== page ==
Many of us were following the Conservative Party conference policy announcements with keen interest.
You may, like many others, have been particularly concerned by a number of statements made by the home secretary Amber Rudd.
While, in light of the understandable public outcry, the government has stepped back from its proposal that companies be required to publicly name all non-EU national workers, it has not dismissed the requirement out of hand.
Identifying the gap
Its reasons for such a disclosure are, it seems, aimed at identifying regions and industries with skills shortages that require them to rely on overseas workers rather than local skilled workers.
Collating such high-level information may have its merits if information is genuinely used to provide targeted training and support in particular areas. However, companies have understandable concerns about balancing any disclosure alongside their obligations to handle the sensitive personal data of their workforce.
“What is clear is that policy statement sits within a climate of naming and shaming employers who are not legally compliant”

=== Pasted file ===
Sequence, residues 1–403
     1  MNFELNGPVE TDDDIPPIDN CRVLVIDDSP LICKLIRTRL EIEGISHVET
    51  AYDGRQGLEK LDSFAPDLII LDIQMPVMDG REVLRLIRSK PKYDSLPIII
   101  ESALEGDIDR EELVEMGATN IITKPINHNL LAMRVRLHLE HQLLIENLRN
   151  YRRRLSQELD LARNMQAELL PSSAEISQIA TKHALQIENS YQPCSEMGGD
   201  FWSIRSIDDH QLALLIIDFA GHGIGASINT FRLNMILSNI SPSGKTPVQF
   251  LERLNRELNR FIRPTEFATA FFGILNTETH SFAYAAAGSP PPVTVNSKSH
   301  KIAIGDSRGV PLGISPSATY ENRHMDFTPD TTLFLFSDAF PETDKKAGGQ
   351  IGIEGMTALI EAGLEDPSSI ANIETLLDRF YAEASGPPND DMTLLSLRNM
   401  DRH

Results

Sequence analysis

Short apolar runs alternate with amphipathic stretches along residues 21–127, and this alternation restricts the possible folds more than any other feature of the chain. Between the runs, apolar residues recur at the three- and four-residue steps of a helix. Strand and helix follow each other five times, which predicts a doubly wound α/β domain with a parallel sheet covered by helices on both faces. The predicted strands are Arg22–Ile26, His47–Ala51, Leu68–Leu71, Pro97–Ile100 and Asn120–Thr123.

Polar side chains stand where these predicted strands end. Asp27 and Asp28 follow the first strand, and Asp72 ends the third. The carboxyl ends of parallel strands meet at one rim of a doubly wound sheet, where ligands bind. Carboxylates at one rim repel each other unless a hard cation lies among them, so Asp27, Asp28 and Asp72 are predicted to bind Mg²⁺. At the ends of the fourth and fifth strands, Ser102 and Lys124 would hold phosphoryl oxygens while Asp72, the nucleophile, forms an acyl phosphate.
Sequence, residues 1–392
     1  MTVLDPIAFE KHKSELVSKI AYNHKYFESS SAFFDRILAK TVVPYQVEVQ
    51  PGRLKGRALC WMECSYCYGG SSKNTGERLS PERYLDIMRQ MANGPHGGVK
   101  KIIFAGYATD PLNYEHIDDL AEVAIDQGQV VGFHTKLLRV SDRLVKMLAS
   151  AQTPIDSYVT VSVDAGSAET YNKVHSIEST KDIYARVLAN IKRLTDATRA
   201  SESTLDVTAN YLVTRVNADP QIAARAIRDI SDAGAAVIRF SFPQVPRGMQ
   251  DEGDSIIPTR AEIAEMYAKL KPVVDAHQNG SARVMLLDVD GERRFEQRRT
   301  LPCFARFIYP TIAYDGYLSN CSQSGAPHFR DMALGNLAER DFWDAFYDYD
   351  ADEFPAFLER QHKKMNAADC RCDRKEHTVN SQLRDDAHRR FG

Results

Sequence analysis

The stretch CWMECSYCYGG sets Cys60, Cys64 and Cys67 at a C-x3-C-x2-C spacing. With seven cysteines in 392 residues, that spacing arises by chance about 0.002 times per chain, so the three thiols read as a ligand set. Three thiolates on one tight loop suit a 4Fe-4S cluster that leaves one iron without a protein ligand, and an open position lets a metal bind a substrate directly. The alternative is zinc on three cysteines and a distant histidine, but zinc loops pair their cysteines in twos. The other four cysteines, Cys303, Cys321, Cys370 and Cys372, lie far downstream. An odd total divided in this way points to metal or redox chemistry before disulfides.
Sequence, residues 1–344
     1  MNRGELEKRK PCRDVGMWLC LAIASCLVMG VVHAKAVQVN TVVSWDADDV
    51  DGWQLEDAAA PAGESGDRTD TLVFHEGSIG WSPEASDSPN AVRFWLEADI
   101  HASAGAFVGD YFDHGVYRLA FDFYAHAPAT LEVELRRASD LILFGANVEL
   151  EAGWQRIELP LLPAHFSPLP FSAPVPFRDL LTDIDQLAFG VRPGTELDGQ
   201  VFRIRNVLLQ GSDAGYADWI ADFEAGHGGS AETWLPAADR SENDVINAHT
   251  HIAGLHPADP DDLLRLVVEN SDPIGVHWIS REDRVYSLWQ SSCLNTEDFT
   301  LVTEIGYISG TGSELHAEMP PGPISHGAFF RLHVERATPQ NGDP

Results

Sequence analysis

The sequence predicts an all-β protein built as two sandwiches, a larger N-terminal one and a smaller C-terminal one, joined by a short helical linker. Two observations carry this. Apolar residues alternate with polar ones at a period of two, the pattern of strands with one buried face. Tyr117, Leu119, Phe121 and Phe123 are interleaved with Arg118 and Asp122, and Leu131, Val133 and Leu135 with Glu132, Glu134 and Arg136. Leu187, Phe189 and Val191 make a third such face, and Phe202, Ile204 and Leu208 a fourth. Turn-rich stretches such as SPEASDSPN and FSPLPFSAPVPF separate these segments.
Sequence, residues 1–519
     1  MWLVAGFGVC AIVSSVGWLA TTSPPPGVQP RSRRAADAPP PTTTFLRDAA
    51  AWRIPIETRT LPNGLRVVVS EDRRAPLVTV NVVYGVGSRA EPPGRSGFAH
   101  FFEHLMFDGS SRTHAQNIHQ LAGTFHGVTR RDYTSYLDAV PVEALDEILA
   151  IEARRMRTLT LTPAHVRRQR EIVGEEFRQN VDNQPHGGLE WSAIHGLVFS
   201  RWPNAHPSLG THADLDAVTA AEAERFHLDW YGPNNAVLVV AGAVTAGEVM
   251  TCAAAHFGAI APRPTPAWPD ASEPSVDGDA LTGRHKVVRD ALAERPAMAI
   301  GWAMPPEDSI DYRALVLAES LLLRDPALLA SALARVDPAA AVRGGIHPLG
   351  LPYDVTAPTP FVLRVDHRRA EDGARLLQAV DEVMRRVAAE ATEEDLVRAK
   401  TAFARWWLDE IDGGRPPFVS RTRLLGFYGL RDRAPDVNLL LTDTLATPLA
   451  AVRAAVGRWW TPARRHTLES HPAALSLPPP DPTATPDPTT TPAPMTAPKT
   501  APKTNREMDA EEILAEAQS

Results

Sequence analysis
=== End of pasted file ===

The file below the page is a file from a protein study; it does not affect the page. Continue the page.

Furthermore there could be allegations of discrimination from non-EU national prospective workers if companies are prohibited from employing them because their employer is perceived to already have too high a proportion of non-EU nationals in their workforce.
What is clear is that policy statement sits within a climate of naming and shaming employers who are not legally compliant.
Some context required
This falls within the wider context of stricter penalties under the Immigration Act 2016 (employers can be imprisoned for up to five years if they know or have reasonable cause to believe that they are employing people illegally), increasing civil penalties (£21.5m from July to December 2015) and the EU referendum.
Research has shown that 75 per cent of EU citizens working in the UK would not meet current visa requirements for non-EU overseas workers if Britain left the EU. This rate would rise to 80 per cent once new rules, due to come into force in April 2017.
In the coming months, the construction industry, which is reliant on EU workers, should continue to monitor Home Office announcements on post-Brexit proposed rules to address future workforce resourcing.
The construction industry is acknowledged to be a high-risk industry for illegal working alongside hospitality, retail and care homes.
In an era of more sophisticated forged right to work documents, the industry will need to be aware of the increasing number of Home Office raids which, given that civil penalties can be up to £20,000 per illegal worker, can lead to substantial funding for the Home Office.
Workforce monitoring and reviewing right-to-work documentation should be a priority to minimise the risk of such penalties.
Vikki Wiberg is senior counsel in the Employment, Pensions & Mobility group at Taylor Wessing